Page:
Friday, July 23, 2010

Rescuing Nokia

The Register writes about Rescuing Nokia. The story originates from a book (promo site in Finnish) written by an old Nokia insider, Juhani Risku.

According to Juhani, Nokia has become fat, heavy with middle management bureaucracy which hinders creativity. The seed of the problem stems, according to Juhani, from incompetence of the leaders.

Amongst some of the most interesting things, the article mentions that Nokia had already been working with touch screens ten years ago, but abandoned development. Many other innovations were ready to be developed to products many years ago, but Nokia more or less ignored them, watching competition implement the features many years later. Often, it was a case of complete lack of ability to move innovations to production due to the massive and crippling effect of incompetent middle management and division leaders who had no real experience in the matters.

Juhani also states that American style business management built around short sighted arrogance and greed has hindered innovation. According to him, appointing a CEO from the USA would be a big mistake and another delay for a company that is Finnish down to the core. American style management just does not work.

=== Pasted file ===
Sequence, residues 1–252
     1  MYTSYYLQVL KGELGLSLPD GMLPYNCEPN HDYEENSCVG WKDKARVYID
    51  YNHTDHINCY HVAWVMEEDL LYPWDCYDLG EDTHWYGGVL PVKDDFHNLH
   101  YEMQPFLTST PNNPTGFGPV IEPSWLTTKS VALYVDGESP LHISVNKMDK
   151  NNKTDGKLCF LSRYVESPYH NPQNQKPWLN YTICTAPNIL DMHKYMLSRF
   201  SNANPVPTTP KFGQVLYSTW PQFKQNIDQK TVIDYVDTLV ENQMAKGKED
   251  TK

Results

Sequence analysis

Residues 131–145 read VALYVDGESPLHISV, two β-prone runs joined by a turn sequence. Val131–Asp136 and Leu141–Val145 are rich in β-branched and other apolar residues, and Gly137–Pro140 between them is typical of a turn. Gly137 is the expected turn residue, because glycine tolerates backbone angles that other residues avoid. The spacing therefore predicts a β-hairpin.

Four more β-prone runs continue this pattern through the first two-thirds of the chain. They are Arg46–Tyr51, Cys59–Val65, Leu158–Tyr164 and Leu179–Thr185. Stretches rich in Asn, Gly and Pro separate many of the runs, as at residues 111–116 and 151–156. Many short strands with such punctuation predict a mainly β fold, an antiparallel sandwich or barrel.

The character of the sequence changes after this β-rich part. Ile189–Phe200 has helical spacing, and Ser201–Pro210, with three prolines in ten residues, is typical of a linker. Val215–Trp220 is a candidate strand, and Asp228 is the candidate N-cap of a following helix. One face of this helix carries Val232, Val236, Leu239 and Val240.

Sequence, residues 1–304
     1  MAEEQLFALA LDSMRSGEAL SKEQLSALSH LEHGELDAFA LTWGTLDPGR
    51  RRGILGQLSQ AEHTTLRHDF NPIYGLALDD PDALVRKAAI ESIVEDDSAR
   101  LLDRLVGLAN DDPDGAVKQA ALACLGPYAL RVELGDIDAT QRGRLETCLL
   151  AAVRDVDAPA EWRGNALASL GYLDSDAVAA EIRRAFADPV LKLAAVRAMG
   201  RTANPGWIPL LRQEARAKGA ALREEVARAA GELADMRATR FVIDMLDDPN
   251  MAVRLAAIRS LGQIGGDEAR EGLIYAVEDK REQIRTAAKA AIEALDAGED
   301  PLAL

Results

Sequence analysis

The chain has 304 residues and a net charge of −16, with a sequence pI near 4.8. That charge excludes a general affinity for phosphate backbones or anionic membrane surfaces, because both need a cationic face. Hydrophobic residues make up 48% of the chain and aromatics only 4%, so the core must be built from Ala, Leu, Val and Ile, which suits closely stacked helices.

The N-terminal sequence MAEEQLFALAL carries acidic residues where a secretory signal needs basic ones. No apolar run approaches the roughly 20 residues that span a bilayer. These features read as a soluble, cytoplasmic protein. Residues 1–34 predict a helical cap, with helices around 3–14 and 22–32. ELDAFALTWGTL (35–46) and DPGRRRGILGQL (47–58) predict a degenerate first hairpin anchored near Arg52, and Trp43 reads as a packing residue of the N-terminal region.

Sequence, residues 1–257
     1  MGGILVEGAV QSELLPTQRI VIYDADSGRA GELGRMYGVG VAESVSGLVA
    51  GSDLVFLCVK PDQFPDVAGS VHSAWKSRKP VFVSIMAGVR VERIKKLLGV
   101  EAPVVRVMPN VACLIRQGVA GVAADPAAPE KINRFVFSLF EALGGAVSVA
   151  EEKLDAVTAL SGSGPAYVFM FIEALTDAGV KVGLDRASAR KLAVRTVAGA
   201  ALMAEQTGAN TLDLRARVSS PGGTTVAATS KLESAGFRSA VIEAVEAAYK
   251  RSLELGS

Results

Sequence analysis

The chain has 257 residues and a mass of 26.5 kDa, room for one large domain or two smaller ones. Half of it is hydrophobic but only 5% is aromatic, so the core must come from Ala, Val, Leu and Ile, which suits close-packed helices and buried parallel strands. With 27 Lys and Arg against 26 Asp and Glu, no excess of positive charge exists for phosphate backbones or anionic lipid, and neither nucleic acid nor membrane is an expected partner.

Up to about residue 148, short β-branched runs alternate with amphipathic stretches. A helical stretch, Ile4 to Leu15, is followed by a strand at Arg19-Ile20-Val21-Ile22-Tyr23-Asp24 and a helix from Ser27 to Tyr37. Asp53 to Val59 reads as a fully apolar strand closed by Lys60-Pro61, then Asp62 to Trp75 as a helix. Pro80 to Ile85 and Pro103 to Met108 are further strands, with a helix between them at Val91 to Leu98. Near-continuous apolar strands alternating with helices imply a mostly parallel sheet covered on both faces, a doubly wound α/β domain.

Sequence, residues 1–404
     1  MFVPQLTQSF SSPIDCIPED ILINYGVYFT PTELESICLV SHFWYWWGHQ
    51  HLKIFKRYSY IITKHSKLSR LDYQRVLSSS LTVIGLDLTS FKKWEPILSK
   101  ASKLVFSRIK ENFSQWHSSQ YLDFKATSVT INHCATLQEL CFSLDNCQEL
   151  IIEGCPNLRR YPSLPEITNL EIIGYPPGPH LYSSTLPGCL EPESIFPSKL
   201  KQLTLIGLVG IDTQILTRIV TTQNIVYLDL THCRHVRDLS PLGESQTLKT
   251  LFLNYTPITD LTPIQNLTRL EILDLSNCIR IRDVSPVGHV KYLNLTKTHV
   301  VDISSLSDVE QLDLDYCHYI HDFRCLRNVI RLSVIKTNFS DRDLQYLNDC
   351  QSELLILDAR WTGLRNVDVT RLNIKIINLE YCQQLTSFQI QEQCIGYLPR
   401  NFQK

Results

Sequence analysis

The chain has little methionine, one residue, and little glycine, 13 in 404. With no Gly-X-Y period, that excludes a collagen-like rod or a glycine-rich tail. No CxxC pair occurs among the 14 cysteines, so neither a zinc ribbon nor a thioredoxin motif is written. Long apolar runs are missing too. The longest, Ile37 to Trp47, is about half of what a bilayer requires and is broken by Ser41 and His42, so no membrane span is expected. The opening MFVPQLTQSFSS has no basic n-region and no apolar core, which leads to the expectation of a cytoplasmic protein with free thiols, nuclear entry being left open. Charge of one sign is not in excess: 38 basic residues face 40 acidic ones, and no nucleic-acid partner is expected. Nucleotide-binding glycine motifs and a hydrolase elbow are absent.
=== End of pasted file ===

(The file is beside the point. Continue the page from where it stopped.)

Wednesday, July 7, 2010

XML Schema Design Links

Here are my definite sources for XML Schema Design:

Zero, One, or Many Namespaces?
W3C XML Schema: DOs and DON'Ts (Kohsuke)
Reference Model For XML Design (PDF)
W3C XML Schema Design Patterns: Avoiding Complexity (Obasanjo)

These all represent slightly different viewpoints.

For example, these are Obasanjo's guidelines altered from Kohsuke's:

I've altered some of Kohsuke's original guidelines:
  • Do use element declarations, attribute groups, model groups, and simple types.
  • Do use XML namespaces as much as possible. Learn the correct way to use them.
  • Do not try to be a master of XML Schema. It would take months.
  • Do not use complex types and attribute declarations.
  • Do not use notations
  • Do not use local declarations.
  • Do not carefully use substitution groups.
  • Do not carefully use a schema without the targetNamespace attribute (aka chameleon schema.)
I propose some additional guidelines as well:
  • Do favor key/keyref/unique over ID/IDREF for identity constraints.
  • Do not use default or fixed values especially for types of xs:QName.
  • Do not use type or group redefinition.
  • Do use restriction and extension of simple types.
  • Do use extension of complex types.
  • Do carefully use restriction of complex types.
  • Do carefully use abstract types.
  • Do use elementFormDefault set to qualified and attributeFormDefault set to unqualified.
  • Do use wildcards to provide well defined points of extensibility.
There are still some problems with extensions of complex types and validation. The problem is the need to have xsi:type attributes sprinkled in your XML documents. From a purist point of view, we should not really have validation artifacts in our XML tags.